The Court of Appeal is to consider 3's claim that it should not have been forced to reduce the charges to the other mobile operators for connecting calls to its network.
In March 2007, Ofcom enforced a cut of 45%, from 10.7p a minute to 5.9p per minute by 2010 to 2011. This was the first time the regulator had included 3 in its price controls regime, unlike its larger competitors: O2, Vodafone, Orange and T-Mobile.
In May, the competition appeal tribunal rejected 3's case for Ofcom's decision to be overturned, but gave it leave to go to the Court of Appeal. The case is likely to be heard early in 2009.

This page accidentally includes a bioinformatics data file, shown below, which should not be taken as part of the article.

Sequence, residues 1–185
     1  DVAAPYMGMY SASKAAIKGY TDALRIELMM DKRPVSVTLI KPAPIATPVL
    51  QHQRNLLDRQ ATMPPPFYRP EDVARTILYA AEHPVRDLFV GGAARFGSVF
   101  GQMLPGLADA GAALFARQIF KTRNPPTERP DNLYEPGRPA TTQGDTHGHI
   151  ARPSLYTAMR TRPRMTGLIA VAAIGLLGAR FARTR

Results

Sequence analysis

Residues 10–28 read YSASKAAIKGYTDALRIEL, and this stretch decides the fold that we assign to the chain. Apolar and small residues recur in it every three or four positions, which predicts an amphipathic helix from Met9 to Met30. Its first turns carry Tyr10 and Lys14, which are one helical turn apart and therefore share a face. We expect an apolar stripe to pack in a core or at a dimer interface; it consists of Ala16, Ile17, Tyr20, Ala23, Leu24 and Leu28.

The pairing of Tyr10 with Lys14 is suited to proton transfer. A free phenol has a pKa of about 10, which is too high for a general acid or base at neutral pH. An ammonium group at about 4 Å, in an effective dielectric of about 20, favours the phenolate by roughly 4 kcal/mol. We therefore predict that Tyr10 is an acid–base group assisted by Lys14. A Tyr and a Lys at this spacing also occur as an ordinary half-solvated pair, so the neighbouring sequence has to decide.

3 claims the big four pay each other roughly the same amount in termination charges, whereas it is forced to pay much more as it has fewer customers, which is undermining the viability of its business.
Kevin Russell, 3's chief executive, told the Financial Times that his business had paid out Â£190 million (â‚¬238.81 million) to the to the others in termination rates since it was established in 2003.
If 3's appeal is successful, the company would be free to raise the charges for connecting calls to its network.
However, the Financial Times says that 3 wants the charges to be cut to zero or near zero by all mobile operators, so that they would be competing solely on retail pricing.